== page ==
DDG-51 Cut: Not The End, But Maybe The Beginning Of The End?

by Craig Hooper on May 22, 2021

I discussed the “surprising” DDG-51 cut in the Portland Times Herald last week, and, while I get the frustration about how the Congress and the Navy seem to treat “multi-year” and “block” buys as more piggy-banks than real obligations, I think you’re stupid if you don’t believe the DDG-51 is going to end sometime in the next decade–nibbled away at the low end by the Constellation Frigate, hit on the high-end by whatever dreamboat cruiser NAVSEA picks out, and then killed, in turn, by the Columbia SSBN and the wild-eyed “innovators” who believe we must throw away all the old to rebuild anew.

General Dynamics isn’t really in a place where it can squawk too much, either. It’s building the Columbia class, after all, so it’s gotta be willing to take a few hits as it gleefully gets the lion’s share of the Navy’s shipbuilding budget. And Bath isn’t really helping–it’s got a big backlog that the Navy can feel alright poaching from for a few years. The Navy can also probably look at Bath and ask something about how they’re not diversifying by really going after the Coast Guard’s Offshore Patrol Cutter re-compete or the icebreaker or some other things.

But at some point the Navy will need to put cards on the table. You cannot have CNO Gilday rocking up to the yard, “bullish” about everything only to cut a hull little more than a week later. The Navy needs to say what their intentions are with big surface combatants, and give the yards some time to plan for what’s next. As I said:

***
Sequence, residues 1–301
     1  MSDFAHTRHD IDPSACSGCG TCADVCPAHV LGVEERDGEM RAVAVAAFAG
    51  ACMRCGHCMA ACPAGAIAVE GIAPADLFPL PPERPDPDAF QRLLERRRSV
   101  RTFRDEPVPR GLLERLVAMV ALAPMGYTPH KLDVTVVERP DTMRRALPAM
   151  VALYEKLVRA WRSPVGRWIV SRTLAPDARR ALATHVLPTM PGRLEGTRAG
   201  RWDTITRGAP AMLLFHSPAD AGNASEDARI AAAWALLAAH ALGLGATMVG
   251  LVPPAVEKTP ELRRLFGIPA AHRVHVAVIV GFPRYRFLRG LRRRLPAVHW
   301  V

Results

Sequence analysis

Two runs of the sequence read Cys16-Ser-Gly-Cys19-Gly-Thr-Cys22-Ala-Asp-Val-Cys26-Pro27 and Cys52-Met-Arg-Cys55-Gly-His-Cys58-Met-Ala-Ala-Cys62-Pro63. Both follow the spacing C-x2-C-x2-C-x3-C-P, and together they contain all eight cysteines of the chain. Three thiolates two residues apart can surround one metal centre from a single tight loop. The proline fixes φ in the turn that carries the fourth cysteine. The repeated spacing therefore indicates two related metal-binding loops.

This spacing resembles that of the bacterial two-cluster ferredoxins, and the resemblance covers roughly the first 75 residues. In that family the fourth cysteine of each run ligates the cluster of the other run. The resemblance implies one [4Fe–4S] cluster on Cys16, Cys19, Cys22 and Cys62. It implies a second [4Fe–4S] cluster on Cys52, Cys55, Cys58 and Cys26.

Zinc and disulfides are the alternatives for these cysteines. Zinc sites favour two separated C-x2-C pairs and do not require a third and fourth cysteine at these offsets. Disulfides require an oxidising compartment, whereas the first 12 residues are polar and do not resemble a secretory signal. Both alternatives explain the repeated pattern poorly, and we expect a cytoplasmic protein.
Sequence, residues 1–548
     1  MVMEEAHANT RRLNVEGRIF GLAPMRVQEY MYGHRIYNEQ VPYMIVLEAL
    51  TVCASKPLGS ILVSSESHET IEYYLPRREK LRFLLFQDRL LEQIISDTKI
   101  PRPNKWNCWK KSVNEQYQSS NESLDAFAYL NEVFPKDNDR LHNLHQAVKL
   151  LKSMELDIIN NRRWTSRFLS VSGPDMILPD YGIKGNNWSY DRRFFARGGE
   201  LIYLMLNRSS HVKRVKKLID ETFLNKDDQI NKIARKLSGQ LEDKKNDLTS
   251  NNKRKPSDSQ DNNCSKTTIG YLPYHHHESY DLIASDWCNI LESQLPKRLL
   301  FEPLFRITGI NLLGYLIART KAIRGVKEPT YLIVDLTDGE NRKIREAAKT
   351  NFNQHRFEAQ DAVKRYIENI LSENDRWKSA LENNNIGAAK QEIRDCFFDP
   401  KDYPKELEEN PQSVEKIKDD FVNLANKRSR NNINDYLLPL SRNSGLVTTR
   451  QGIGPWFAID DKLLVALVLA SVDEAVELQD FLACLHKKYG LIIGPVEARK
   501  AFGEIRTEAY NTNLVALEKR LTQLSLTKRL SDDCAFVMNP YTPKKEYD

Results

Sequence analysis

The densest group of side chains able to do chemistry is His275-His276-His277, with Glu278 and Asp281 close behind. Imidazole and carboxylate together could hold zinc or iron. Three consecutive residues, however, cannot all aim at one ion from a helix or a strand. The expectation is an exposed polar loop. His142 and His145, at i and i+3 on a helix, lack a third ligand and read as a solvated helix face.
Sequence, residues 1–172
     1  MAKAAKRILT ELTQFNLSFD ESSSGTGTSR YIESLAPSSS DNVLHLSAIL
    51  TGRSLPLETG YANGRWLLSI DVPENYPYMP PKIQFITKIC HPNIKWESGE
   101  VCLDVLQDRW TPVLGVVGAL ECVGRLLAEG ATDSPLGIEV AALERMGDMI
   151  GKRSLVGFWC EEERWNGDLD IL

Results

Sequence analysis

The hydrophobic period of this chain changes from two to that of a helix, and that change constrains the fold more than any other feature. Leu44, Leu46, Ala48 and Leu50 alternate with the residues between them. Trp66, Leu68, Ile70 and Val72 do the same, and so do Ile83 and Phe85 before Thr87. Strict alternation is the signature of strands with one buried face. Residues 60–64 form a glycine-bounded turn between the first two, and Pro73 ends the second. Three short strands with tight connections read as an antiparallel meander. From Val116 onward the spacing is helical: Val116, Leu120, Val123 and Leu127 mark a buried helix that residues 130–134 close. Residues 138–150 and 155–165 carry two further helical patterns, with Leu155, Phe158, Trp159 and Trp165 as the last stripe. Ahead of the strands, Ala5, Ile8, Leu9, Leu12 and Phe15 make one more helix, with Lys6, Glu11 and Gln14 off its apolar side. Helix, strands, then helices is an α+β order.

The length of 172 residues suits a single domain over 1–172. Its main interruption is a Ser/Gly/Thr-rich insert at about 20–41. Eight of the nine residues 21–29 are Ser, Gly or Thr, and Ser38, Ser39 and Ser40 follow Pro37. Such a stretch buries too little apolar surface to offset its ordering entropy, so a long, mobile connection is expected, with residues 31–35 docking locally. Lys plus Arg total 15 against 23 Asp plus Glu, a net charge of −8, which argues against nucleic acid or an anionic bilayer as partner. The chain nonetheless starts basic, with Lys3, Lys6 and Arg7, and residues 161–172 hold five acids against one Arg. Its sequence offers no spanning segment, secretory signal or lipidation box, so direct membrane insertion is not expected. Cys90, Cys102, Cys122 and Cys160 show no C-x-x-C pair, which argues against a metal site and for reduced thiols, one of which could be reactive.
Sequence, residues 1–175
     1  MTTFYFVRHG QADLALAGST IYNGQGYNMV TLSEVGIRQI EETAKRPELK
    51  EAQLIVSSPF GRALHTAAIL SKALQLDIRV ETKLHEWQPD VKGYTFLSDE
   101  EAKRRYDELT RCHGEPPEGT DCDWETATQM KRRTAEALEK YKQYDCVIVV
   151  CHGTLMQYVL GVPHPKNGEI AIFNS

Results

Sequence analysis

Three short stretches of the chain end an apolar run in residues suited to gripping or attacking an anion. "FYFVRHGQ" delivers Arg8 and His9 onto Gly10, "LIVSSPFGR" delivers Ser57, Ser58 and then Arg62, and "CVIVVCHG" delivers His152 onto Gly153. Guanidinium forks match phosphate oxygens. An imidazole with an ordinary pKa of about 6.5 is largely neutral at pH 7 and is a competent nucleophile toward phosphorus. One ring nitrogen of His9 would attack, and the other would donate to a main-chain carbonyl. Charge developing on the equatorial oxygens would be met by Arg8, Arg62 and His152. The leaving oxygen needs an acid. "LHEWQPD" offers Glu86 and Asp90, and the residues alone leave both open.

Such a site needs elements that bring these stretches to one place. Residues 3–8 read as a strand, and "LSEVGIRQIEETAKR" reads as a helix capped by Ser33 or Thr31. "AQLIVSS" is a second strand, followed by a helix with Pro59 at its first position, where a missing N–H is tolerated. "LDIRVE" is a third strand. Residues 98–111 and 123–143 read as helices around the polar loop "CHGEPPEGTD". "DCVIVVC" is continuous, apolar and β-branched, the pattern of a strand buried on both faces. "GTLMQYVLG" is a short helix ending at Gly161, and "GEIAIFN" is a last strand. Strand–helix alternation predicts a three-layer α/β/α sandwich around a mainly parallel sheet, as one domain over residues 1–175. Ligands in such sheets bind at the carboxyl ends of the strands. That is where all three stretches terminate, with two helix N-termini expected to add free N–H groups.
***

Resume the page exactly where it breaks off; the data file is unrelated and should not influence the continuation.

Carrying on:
“If it is the end of the line for Arleigh Burkes, the Navy needs to say so,” said Hooper. “At some point, programs come to an end and it’s obvious that the end of the road could be in sight for the Arleigh Burke-class. It has been a great run, but it’s time for BIW to start thinking hard about what the alternatives are and what’s next.”

You can talk about DDG-X all you want, but what’s the demand signal going to be? Where is it going to fit in the fleet? Nobody knows, and nobody in a leadership position at the Navy or Department of Defense has the guts or the knowledge to put a strategic template out there yet.

But General Dynamics has a job to do as well. If the Navy isn’t going to offer an idea, then they also need to do some thinking about what comes next and push for it. As I say, the cut may be…

“reflecting the interest of the Department of Defense in modernizing the American military,” said Hooper. “The focus is changing from conventional, large warships to a new model, that we don’t quite understand yet, of smaller and potentially unmanned vessels. It’s up to General Dynamics to figure out where the Arleigh Burke fits in that.”

The only problem is that nobody in General Dynamics can safely advocate anything that might threaten the Columbia Class…and that is a tough place for a yard like Bath to be.

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